3.  My father is Irish.  He was born and raised in Ireland and did not come to the U.S. until he was 20 years old.  All my paternal relatives still live in Ireland, except one cousin who is currently living in the Netherlands (but grew up in Ireland). 

4.  I have celebrated my birthday in Las Vegas three times:  my 26th, 30th, and 39th.

5.  When I was in high school, I gave serious contemplation to entering a convent and becoming a nun. I prayed that God should send me a sign if it was His will for me to do this; shortly thereafter, college brochures started arriving in the mail. I took this as a sign that God wanted me to go to college and not to the convent, but who knows?

6.  My father thought I would be a boy. My room and all my clothes were blue. Dad asked the doctor who delivered me when he'd scheduled my circumcision.  True story.

7.  I rarely lie. . . . not just because I am an honest person, but because I am not a good liar at all.  Funny for a lawyer, huh?  ;-)

 I nominate the following bloggers:

1.  Jo of MoJo Working
2.  Gurlee of Infertility Musings
3.  Melissa G of Banking on It
6.  sparkly things distract me

Thursday, July 1, 2010

Weird dream

This morning shortly before my alarm went off, I had the strangest dream I've had in a while.  It primarily involved the lawyer for another party in one of my active cases who I have seen a few times recently for depositions.  (Guess that is how he got into my subconscious mind.)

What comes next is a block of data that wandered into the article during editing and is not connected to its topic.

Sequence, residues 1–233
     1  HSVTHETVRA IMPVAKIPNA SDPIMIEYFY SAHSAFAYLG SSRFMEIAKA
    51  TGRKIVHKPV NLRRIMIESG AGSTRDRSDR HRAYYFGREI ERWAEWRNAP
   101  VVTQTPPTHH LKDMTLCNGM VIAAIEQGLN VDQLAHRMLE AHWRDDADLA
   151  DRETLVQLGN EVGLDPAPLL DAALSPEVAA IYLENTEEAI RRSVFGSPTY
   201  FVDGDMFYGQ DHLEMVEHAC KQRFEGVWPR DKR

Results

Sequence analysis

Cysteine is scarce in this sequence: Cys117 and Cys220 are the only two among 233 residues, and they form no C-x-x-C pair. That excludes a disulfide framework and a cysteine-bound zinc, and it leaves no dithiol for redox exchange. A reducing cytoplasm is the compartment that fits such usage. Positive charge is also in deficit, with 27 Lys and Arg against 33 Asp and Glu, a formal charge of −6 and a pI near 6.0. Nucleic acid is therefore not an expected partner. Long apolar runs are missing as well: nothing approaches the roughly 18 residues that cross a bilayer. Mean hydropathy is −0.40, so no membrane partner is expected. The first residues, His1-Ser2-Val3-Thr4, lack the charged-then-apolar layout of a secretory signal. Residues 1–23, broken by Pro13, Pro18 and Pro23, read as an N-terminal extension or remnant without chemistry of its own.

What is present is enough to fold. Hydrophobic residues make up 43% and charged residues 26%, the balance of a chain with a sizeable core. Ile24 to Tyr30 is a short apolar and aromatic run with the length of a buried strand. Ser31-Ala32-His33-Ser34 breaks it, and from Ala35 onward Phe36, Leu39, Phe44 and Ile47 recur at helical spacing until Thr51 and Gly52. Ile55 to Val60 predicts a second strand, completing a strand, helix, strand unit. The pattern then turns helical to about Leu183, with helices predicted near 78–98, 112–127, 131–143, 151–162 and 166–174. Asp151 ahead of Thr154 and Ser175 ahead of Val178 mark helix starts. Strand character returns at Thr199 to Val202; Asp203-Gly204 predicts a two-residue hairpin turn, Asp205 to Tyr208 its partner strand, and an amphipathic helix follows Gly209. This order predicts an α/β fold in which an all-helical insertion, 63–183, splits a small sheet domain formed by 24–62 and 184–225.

The basic story line was that we were working on a case together and somehow ended up back at his house, along with the other lawyers in the case.  Next thing I know--you know how disjointed dreams can be--we were all sitting around watching an NCAA football game on TV and having a good time instead of working.

Then the scene shifted again, and this lawyer--who is a nice person, but someone whom I have ever particularly thought of as attractive--and I were suddenly the only ones in his house.  In the dream, it became clear that there was a strong physical attraction between us, but just before he went to kiss me, I kindly but firmly told him that nothing could happen between us because I was married.  He accepted this, and we agreed that I would ask to be taken off the case to avoid future awkwardness between us.

As I was gathering my things to leave, his wife and children arrived (note: I don't think he is actually married in real life, and I don't know if he has children).  Both of us played the situation off like a legitimate work meeting, and no one seemed suspicious.

The next part of the dream involved my walking miles to find my car.  Goodness only knows why I was parked so far from where everything else happened, but dreams are weird.  I finally found the car and got home, and it was shortly after that when I woke up to my alarm.

Anyone into dream interpretation and want to tell me what this means?